Slow News: Lots of Firing, Not Much Smoke
Monday, March 19, 2007
It was a complicated Washington tale that congealed in slow motion.
On Jan. 12, the San Diego Union-Tribune reported that the Bush administration had quietly asked the local U.S. attorney, Carol Lam, to step down. The next morning, the Web site TPMmuckraker.com posted an item about the firing. Two days later -- under the heading "White House Pushes Out Another Prosecutor" -- the liberal site touted a Las Vegas Review-Journal piece on the dismissal of the U.S. attorney in Nevada.
The breakthrough came on Jan. 16, when the Wall Street Journal reported that as many as seven U.S. attorneys were losing their jobs. The Los Angeles Times and New York Times weighed in the next day, followed by The Washington Post. The seeds of a scandal that would lead to calls for the resignation of Attorney General Alberto Gonzales had been planted, but would not blossom as a full-blown television story for nearly two months.
Only last week did a stack of e-mails make clear that the White House, despite earlier denials, was heavily involved in the prosecutor firings and that political concerns about protecting "loyal Bushies" -- and not just the supposed concerns about performance -- played a role.
The Muckraker page of TalkingPointsMemo.com acted as a catalyst, vacuuming up press accounts and doing its own digging. Founder Josh Marshall says he was interested in Lam because she was broadening an investigation that had convicted GOP congressman Duke Cunningham. "We're basically building the narrative for the story when there are isolated reports in different newspapers," Marshall says.
Cable television paid little attention, except for two commentators who often criticize President Bush. In mid-January, MSNBC's Keith Olbermann asked whether Bush had "been targeting United States attorneys, squeezing them out because they prosecuted politicians, then changing the law so the attorney general can appoint replacements without anybody confirming them." CNN's Jack Cafferty called the firings "another sign the Bush administration is circling the wagons in the face of possible corruption investigations." The first Fox News story appeared on "Special Report" Feb. 15.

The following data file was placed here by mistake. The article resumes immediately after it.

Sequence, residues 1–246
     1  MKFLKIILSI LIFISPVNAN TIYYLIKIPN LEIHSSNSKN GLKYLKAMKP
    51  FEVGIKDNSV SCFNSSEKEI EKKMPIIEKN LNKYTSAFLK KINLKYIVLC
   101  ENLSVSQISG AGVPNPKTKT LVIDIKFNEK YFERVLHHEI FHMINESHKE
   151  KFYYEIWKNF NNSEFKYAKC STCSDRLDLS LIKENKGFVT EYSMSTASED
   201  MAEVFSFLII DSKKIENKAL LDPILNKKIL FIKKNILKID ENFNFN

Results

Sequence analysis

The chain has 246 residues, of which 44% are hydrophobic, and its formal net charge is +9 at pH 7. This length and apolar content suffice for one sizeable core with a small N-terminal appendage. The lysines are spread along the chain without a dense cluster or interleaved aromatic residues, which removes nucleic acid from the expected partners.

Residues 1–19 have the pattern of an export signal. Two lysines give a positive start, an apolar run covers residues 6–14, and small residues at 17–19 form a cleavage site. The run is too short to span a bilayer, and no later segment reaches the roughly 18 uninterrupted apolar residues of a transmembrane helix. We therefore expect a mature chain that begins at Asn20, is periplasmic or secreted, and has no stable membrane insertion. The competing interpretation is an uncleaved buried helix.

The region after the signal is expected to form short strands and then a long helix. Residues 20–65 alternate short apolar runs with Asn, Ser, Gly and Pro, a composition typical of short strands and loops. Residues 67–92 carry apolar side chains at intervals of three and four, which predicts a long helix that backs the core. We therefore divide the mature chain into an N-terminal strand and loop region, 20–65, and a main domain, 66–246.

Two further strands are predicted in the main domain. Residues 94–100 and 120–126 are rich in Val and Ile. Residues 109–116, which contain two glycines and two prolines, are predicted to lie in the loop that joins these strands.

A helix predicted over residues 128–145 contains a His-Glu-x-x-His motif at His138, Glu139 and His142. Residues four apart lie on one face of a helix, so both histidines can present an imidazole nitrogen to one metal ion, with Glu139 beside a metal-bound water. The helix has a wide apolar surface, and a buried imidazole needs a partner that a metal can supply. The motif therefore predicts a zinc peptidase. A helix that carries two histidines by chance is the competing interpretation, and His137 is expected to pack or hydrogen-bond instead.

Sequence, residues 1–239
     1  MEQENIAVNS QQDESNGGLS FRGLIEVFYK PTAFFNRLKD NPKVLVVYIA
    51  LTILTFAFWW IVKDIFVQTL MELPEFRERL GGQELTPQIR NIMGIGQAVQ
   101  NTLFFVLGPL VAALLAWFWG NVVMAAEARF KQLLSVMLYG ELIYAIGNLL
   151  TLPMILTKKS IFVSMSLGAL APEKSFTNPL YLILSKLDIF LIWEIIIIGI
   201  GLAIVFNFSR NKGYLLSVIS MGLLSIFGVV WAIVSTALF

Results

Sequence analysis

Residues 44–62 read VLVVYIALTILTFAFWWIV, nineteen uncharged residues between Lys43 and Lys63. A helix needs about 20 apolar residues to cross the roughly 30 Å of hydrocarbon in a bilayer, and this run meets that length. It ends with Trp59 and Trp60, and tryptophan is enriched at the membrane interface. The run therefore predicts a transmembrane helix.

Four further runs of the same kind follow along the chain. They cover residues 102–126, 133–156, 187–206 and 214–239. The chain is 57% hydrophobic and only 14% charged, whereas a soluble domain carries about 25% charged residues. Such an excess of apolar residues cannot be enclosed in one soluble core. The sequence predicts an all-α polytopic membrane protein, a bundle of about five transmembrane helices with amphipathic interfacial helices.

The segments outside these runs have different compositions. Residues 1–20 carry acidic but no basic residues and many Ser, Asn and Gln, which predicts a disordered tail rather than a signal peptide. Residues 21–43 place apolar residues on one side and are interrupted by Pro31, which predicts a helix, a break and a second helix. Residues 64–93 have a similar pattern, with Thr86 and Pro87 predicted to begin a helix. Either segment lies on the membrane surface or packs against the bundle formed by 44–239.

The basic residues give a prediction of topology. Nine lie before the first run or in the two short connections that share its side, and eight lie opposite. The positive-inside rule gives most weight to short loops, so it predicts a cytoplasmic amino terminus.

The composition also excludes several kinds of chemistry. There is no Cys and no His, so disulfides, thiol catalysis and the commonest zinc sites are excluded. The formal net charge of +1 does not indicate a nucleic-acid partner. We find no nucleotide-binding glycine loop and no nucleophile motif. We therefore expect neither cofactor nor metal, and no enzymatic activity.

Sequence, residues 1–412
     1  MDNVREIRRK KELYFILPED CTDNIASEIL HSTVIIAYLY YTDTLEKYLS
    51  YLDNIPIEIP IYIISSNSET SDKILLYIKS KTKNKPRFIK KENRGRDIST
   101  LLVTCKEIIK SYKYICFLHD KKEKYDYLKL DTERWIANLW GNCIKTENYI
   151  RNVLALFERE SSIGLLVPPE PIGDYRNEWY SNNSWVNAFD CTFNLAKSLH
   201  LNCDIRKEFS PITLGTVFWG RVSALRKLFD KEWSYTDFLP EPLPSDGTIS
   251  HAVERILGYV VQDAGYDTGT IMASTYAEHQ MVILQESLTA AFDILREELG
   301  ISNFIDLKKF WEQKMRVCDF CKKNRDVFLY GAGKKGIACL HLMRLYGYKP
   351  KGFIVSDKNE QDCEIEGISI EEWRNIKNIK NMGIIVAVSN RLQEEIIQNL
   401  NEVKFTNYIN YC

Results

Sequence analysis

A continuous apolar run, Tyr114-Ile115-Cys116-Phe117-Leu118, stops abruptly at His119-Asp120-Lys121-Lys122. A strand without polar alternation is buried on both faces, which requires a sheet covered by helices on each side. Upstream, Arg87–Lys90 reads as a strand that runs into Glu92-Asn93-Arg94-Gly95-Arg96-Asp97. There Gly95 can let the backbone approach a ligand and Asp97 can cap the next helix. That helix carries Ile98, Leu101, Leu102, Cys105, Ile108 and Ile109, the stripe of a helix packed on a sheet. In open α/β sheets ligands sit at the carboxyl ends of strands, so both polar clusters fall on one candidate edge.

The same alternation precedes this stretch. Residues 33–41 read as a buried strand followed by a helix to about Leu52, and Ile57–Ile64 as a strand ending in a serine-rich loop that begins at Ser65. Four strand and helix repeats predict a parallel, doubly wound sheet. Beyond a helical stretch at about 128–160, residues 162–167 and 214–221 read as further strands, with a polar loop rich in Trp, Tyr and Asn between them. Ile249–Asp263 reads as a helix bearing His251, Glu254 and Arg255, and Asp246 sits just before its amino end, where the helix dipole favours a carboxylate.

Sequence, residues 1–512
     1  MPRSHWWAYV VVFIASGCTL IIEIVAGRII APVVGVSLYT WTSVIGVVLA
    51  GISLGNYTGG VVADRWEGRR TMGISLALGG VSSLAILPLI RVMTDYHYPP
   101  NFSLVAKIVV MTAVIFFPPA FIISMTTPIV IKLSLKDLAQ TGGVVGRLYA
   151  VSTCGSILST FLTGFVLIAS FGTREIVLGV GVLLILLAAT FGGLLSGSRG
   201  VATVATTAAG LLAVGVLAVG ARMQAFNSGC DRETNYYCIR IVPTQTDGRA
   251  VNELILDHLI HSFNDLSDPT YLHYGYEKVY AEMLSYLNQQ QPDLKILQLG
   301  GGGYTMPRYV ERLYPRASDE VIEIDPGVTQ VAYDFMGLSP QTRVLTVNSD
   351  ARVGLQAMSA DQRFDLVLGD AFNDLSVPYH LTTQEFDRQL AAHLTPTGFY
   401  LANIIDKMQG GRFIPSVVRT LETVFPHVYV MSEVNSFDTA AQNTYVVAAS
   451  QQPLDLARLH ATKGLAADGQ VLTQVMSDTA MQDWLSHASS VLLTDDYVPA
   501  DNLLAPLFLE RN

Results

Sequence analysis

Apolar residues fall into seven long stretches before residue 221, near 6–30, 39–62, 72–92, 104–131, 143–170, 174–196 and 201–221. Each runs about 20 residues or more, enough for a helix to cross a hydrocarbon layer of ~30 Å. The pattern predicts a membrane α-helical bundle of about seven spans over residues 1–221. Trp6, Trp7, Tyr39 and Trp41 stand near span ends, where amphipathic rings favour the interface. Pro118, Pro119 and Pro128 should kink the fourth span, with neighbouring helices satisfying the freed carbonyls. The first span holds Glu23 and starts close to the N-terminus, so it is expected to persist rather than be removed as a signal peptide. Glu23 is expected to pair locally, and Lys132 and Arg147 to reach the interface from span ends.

As for the nightly newscasts, they took no notice of the controversy until this month, but by last week it was repeatedly leading "NBC Nightly News," ABC's "World News" and the "CBS Evening News."
What took so long? The dismissed prosecutors were local figures. The plan to replace them without Senate confirmation rested on an obscure provision of the USA Patriot Act. The dispute over whether they were dumped for performance reasons (the president's prerogative) or because of pressure from Republicans (a politicization of the Justice Department) was hard to resolve.
There was some instant tut-tutting about the story. In January, a Los Angeles Times editorial said that "cries of a conspiracy are premature." Time's Jay Carney blogged that "some liberals are seeing broad partisan conspiracies where none likely exist."
Last week's release of incriminating e-mails did more than contradict the administration's claims of no White House involvement. It produced footage of Democrats (along with a few Republicans) calling for Gonzales's scalp, a defensive news conference by the attorney general and the president's "mistakes were made" response to reporters -- the very video elements that television needed to frame the story.
Another big story these days -- the problems of wounded veterans -- had an even longer fuse. In 2005, an investigation by Knight Ridder (now McClatchy Newspapers) found that "tens of thousands of other veterans have returned from war only to find that they have to fight their own government to win the disability payments they're owed."
That same year, Salon.com reported on veterans "who have been misdiagnosed or waited for treatment for traumatic brain injury" and said other Walter Reed patients "with apparent brain injuries say they too have been deeply frustrated by delays in getting adequately diagnosed and treated."